To promote international trade, data-based systems will be put into use to improve customs efficiency while multinationals and trade companies are encouraged to treat Hainan as the center of their global or regional trade network.
In addition to the measures detailed in the plan, the provincial government of Hainan has drafted an action plan to create a better business environment, which is vital for attracting foreign investment, said Shen Danyang, vice governor of Hainan.
"One of the key agendas for the FTZ development is the innovation of mechanisms. We have to establish innovative mechanisms for a fair and efficient market environment," Shen said.
Amy Cai, board director of PwC Advisory Services (Hainan) Co. Ltd said the demand to create a better business environment provided opportunities for professional service agencies such as PwC.
"We look forward to more detailed measures. We hope Hainan will further improve investment transparency and attract more foreign investment," Cai said.
STRONGER SERVICE SECTORS
One of the key features of the Hainan FTZ development plan was that it took into consideration Hainan's distinct characteristics, according to Wang.
Specific service sectors, including medical and tourism, will receive a significant boost, analysts said.
"Generally, FTZs tend to develop manufacturing and intermediary trade, but the Hainan FTZ will be a pioneer in developing service trade," said Chen Yao, a researcher with the Hainan Provincial Academy of Social Sciences.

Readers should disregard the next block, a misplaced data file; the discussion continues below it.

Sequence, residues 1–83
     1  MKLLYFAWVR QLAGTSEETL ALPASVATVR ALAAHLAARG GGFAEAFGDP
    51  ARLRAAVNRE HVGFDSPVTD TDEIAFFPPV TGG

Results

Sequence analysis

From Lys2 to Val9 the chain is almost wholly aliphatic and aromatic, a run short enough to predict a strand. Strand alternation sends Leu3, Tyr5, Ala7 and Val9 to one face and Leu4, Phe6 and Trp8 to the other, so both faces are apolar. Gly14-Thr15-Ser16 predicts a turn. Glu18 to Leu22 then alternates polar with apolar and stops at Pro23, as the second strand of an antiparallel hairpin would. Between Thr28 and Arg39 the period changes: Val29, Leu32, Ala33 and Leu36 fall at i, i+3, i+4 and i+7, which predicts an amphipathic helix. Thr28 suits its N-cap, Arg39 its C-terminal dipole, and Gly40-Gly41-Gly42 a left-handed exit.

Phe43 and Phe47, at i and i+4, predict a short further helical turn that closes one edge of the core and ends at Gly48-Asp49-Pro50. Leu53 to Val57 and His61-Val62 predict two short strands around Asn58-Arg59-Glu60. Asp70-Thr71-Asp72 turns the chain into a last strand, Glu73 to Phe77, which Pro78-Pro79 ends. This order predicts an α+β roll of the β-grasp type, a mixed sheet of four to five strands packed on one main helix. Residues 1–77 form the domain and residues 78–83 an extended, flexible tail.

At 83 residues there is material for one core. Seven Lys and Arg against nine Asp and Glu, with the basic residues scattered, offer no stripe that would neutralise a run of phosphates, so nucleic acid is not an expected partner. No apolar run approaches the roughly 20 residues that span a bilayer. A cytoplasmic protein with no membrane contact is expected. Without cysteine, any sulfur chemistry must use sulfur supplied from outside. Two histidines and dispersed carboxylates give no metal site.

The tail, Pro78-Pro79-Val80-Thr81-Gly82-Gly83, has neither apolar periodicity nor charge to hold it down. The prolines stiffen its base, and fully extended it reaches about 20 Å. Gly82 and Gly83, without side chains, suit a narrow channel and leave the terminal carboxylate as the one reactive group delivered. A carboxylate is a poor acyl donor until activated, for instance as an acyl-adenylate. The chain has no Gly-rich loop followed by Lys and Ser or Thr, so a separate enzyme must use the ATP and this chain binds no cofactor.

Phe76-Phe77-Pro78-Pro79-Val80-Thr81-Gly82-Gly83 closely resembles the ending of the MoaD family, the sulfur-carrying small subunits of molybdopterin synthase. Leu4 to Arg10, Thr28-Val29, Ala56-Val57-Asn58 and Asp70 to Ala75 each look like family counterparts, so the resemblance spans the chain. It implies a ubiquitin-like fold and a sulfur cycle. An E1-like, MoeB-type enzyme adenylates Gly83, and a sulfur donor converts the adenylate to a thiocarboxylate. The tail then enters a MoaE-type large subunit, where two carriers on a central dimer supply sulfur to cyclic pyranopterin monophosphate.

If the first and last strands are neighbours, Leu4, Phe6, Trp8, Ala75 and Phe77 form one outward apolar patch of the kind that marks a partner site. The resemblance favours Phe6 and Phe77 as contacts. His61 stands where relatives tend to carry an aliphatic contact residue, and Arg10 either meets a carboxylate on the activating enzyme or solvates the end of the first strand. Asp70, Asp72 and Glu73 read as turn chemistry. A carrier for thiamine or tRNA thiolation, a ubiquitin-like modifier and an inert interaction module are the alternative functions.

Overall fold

Domestic and foreign shipping companies will be encouraged to set up operational or regional centers in the FTZ, as part of the efforts to build the area into an international shipping hub, according to the plan.
More cruise lines that include Hainan as a destination will be developed to foster the local tourism industry, the plan said.
Known for its sandy beaches and resort-lined coast, Hainan is already a global tourist hotspot. Some 67 million people visited the island in 2017.
Tourists from 59 countries can travel visa-free if they start or transit in countries and regions with direct flights to Hainan.
The development plan also builds on Hainan's established strength in medical services.
The island is drawing a number of cutting-edge medical institutions and foreign doctors thanks to relaxed rules on importing foreign medical equipment and pharmaceuticals, as well as visa policies rolled out in recent years.
"We are investing in Hainan because of its preferential policies and good environment that is suitable for health care services and medical tourism," said Qi Nianming, chairman of Spring New Life International Stem Cellular Therapy Clinic, a subsidiary of Hong Kong firm Asia Stem Cells.
Qi's hospital was among the first group of Hong Kong-invested firms to settle in Lecheng international medical tourism pilot zone, set up in 2013 in Bo'ao, a town near Hainan's east coast.
In the pilot zone, patients can get medicine and medical equipment accredited by EU, Japan, and U.S. authorities before they have been officially accredited by the Chinese government.
This provides an opportunity for hundreds of thousands of Chinese patients traveling abroad to receive treatment. In 2017, the number was around 600,000.
According to the plan, tariffs for some medical equipment will be cut in the pilot zone.
"With the FTZ development, we expect more scientific institutions, capital, and talent to come to Hainan," said Qi, "We are confident about the future of the island."